Now that Covid restrictions are gradually being eased in some places, there’s never been a better time to get out and #ShareTheCity. With both World Bicycle Day and World Environment Day being celebrated in June, I’m thinking about the many ways we can enjoy all that the city has to offer

Pop-Up Bike Lanes In Manila. © Jilson Tiu / Greenpeace
Pop-up bike lanes in Quezon City, the Philippines. Civil society groups join activities calling for the Metro Manila Development Authority to establish protected bike lanes with less air pollution. © Jilson Tiu / Greenpeace

Here are some ideas on how you can experience the city in a safe, social, and eco-friendly way:

Get on your bike!

What better way to explore your city than to get on a bike and get moving! And you don’t even need to own a bicycle to see your city’s sights on two wheels. Most cities have hire schemes where you can rent a bike for as little or as long as you like. Find out where your nearest docking station is and borrow a bike for as long as you need. Download maps of local cycling routes and trails and discover your city’s hidden gems.

Wheelchair User on Cycle Lane. © Chris Grodotzki / Greenpeace
Copenhagen, Denmark. Cycle paths accessible for people using wheelchairs or mobility scooters can enable people living with and without disabilities to join in social rides. © Chris Grodotzki / Greenpeace

Don’t go it alone! Cycling is a social activity. Get together with friends, pack a picnic, and rent some bikes for a unique city experience where you can commune with each other and nature.

With cycling, both people and planet gain. From getting a healthy dose of exercise that benefits both mind and body to getting from A to B without polluting the planet, everyone’s a winner!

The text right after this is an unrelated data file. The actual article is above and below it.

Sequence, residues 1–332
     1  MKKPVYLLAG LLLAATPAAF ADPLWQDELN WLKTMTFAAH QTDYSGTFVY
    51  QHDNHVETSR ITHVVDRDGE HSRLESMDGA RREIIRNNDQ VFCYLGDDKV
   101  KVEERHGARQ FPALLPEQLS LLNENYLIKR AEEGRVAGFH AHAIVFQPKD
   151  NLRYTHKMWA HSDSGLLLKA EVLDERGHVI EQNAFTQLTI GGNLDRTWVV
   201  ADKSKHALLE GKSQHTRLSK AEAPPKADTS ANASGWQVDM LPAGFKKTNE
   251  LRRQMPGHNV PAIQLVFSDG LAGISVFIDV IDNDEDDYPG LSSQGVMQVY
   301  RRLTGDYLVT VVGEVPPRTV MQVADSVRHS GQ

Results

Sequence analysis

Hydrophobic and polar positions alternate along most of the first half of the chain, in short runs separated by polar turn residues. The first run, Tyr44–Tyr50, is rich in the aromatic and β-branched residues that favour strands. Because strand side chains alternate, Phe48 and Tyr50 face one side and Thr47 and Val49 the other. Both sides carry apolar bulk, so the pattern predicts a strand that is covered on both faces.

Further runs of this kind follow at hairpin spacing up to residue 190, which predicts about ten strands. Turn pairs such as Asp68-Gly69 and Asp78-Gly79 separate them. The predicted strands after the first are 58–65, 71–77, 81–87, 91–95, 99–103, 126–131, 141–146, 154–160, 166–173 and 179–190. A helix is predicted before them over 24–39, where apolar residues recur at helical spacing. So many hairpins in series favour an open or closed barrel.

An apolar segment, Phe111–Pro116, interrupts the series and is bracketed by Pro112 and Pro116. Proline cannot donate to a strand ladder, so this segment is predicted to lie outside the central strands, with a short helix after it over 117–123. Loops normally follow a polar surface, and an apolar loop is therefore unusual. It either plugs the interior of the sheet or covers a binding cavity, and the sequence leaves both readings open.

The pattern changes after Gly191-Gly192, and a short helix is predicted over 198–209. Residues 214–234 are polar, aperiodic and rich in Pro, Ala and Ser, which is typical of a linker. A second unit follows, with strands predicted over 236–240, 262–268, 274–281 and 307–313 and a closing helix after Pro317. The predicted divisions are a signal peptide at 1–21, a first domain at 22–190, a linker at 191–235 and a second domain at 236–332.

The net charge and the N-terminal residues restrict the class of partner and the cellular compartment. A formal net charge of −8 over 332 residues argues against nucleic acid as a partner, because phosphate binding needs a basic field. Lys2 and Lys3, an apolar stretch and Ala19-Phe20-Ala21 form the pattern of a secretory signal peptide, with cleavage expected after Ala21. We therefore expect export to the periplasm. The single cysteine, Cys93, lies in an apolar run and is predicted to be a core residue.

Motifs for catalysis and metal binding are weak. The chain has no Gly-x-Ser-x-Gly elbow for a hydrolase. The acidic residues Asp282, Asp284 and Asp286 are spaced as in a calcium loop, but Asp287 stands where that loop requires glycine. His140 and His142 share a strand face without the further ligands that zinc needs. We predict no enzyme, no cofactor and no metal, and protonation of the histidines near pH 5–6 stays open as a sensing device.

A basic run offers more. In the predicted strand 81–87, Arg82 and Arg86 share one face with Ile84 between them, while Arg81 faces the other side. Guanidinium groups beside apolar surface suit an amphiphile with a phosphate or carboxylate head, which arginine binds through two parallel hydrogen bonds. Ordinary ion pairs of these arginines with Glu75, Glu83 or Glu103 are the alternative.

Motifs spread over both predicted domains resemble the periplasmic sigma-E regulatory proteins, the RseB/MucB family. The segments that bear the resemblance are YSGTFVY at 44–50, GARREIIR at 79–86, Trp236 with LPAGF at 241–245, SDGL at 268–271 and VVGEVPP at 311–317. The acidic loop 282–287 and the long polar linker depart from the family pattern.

Two wheels are better than four. Ditch the car and get peddling! 

Cyclothon Event called ‘Cycle of Life’ in Bangalore. © Greenpeace / Sajan Ponappa
Bangalore, India. Students cycle with Greenpeace India to raise awareness as part of a campaign to tackle food waste and support ecological agriculture. © Greenpeace / Sajan Ponappa

Go for a walk

What better way to get closer to nature than to explore your environment on foot? As with cycling, not only will it get your circulation going and help clear your mind, but walking allows you to see, feel, and be among nature in a way that other forms of mobility don’t. Go as slow as you like as you take in the peace and serenity of the natural environment and marvel at its biodiversity.

Again, share the experience with those dear to you. Get maps of local and regional walking trails to discover places you may not know existed (and re-explore places more familiar to you). Completely disengage from the rush of the city and come into communion with nature.

Go further afield

And go by rail! The current climate and ecological crisis demands a radical redesign of how we move around our cities. Trains are the future. They’re efficient, environmentally-friendly, and get you where you need to go without fuss.